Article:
The Dutch authorities have culled around 190,000 chickens following outbreaks of avian flu on at least two farms. This was announced by the Dutch Ministry of Agriculture.
100,000 chickens were killed in a farm in Hekendorp, just outside Gouda, while 90,000 chickens in Witmarsum, in the Friesland region in the north of the country.
In both cases, the suspicion of the spread of a “highly contagious form of the H5 variant” prompted action, the ministry specified.
Earlier this week, bird flu has been found on another chicken farm in Germany and a programme to slaughter up to 70,000 poultry is being prepared, authorities said on Tuesday.
Type H5N8 bird flu was confirmed in a farm near Rostock in the eastern state of Mecklenburg-Vorpommern, said a spokesman for the local government authority Landkreis Rostock.
About 4,500 chickens at the farm would have to be culled, but the farm has several locations and the total could reach 70,000, the spokesman said.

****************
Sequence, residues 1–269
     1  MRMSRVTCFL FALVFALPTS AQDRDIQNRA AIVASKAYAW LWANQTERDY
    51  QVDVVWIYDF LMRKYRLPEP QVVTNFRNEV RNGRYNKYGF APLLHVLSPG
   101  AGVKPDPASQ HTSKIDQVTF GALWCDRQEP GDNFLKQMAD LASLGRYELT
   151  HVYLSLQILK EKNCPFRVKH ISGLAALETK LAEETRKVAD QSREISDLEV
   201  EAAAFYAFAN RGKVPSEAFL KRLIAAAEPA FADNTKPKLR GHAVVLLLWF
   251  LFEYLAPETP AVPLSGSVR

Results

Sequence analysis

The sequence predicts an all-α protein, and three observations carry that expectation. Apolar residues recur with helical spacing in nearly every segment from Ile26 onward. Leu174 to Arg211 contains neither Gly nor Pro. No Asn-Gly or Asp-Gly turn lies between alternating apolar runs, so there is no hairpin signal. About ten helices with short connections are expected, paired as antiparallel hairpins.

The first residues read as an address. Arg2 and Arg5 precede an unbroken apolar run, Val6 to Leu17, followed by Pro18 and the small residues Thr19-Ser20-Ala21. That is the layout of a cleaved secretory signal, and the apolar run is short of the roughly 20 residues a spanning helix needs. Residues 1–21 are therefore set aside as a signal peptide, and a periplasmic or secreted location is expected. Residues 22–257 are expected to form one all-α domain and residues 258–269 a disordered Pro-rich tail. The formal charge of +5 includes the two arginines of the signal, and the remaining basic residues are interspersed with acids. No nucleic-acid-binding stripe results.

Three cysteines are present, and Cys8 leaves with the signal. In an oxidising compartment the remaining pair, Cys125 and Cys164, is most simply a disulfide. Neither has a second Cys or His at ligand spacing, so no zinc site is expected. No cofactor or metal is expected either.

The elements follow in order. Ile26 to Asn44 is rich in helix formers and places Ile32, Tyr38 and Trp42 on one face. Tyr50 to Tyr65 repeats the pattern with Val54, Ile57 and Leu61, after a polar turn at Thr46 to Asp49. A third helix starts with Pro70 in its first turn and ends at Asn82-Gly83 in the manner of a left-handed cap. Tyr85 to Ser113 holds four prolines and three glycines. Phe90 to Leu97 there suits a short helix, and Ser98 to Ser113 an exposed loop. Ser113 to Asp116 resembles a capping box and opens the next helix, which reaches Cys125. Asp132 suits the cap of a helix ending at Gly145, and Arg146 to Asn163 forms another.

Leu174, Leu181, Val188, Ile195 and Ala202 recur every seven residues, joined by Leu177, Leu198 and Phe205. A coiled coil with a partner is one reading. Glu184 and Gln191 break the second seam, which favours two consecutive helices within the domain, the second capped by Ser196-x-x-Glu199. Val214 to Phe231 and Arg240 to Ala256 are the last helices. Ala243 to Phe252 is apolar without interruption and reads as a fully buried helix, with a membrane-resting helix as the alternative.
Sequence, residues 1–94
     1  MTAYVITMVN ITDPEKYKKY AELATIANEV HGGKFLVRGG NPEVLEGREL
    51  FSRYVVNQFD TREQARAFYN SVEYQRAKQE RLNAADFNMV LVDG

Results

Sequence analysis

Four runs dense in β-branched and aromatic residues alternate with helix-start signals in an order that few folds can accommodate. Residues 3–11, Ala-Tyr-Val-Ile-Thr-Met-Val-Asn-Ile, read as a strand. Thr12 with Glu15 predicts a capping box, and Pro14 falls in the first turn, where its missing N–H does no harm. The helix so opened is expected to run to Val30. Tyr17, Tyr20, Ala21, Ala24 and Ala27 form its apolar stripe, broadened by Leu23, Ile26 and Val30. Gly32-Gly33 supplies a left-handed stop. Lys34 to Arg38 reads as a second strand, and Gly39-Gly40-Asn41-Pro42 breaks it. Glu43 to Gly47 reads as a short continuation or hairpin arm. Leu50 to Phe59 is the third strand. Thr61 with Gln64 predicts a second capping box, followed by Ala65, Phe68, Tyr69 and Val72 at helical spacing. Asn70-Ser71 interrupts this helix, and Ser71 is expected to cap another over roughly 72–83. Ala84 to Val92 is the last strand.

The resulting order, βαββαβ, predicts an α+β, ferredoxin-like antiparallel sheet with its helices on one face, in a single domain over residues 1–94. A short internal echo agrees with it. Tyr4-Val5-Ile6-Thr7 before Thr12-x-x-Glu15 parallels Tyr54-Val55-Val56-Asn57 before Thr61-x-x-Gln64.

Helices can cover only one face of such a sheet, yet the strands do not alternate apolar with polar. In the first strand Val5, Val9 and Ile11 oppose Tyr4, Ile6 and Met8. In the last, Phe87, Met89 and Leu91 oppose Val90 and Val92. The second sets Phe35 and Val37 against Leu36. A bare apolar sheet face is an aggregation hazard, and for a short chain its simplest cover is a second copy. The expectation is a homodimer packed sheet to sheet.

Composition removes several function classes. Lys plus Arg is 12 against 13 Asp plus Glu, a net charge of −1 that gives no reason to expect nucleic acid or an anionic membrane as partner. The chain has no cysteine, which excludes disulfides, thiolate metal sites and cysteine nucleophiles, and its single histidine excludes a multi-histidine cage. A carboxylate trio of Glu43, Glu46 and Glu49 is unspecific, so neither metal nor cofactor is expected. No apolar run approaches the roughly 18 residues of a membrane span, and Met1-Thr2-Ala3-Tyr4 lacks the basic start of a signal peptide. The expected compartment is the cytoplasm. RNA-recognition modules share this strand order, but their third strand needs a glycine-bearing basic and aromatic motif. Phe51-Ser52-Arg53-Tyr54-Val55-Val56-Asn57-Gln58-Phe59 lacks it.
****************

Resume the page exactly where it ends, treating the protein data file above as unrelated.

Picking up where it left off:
“To combat the outbreak of the disease and prevent it spreading further, it is necessary from a veterinary medical viewpoint to cull up to 70,000 poultry at several locations,” the spokesman said. “Preparations have started”.
Meanwhile, the north German state of Schleswig-Holstein on Tuesday also reported another H5N8 outbreak on a farm in the Kreis Nordfriesland area, with about 1,000 ducks, geese and chickens slaughtered.
A series of outbreaks of bird flu has been reported in Europe in the past weeks, with wild birds suspected to be spreading the disease.
Around 16,100 turkeys were slaughtered after bird flu was found on another Germany poultry farm in Mecklenburg-Vorpommern, authorities said on Monday.
Denmark has ordered 25,000 chickens to be culled after finding H5N8 bird flu on a farm, authorities said on Monday, effectively halting the country’s poultry and egg exports to countries outside the European Union for at least three months.
Other cases have been reported in France and the Netherlands. Britain ordered a cull of 13,000 birds at a farm in northwest England after detecting cases there.
Risk to humans from the disease is considered low, but past outbreaks among farm birds have needed extensive slaughtering programmes to contain them. (